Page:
Those hands that once held mine
As I was sitting holding Mum’s hand in the hospital, I thought of all she meant to me and the number of times she had held my hand. I pretty much knew this was the last time she would do so.
Mum had dedicated decades of her life to being the best mother and grandma she could be. She could knit for England, and was sure nobody in the family would ever go cold, even knitting a 13 foot long Doctor Who scarf at one point. She also became a prolific cake baker and decorator, being commissioned to make many birthday and wedding cakes for family and friends, always artistic and creative.
Around Christmas in 2012, her partner Michael told us all that Mum had started to become increasingly forgetful and disoriented. It soon became evident that she couldn’t be left to do even simple things such as washing the pots. At least, not if you ever wanted to find any of them again.
She would often spend weekends at our house, to give Michael some respite from watching out for her. But the constant toll on his wellbeing became evident in 2014 when he had two minor heart attacks. Following an operation it became impossible for Michael to maintain full care of her. We were both in full time jobs; I was away from home a lot. So sadly she moved into a care home.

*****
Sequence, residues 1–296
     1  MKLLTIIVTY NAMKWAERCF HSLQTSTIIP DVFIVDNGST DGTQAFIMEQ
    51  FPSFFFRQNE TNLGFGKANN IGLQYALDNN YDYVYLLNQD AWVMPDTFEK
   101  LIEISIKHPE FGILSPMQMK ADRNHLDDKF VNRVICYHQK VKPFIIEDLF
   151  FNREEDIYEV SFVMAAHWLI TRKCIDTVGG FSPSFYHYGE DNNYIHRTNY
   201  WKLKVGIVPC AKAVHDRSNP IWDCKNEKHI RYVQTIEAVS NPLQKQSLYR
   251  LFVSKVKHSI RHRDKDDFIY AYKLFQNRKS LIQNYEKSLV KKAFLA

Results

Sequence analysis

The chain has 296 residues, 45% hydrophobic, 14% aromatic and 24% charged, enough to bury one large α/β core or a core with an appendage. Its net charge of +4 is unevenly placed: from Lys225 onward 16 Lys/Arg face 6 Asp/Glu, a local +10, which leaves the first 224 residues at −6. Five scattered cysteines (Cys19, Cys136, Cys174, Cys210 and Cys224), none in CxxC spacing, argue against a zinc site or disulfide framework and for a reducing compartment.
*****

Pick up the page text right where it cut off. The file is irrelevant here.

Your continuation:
In the late eighties Mum’s mother Gertrude was diagnosed with dementia and also moved into a care home. It had always worried Mum that this condition might eventually strike her, and she didn’t relish the thought having seen its effects first hand.
Mum was diagnosed with vascular dementia and initially didn’t react well to being in care. She became agitated and aggressive to the point where she was briefly sectioned. But once the correct medication was prescribed she settled into a wonderful nursing home, near where she had lived with Michael and where she was born.
After Mum died, once I got home, the experience flooded out of me as a poem. It almost wrote itself. I read the poem at her funeral. How I got to the end of the reading I don’t know. I guess she was holding my hand one last time.
I shared the poem afterwards on Facebook, and many of my friends who had lost someone to dementia commented how much it struck a chord with them, with many sharing it themselves.
I’d originally written it specifically about MY Mum and MY experiences, but on reading it back I can see how it would fit for so many. As I read it now it gives me strength, and I wonder if perhaps it could give strength to others.
So I give this poem for all to use and share as they see fit.
About the author
Dean Harrison is by profession an IT consultant and creator of the Workload Automation Programming Language for z/OS, but when not doing that he sings in various bands and now apparently writes poems too.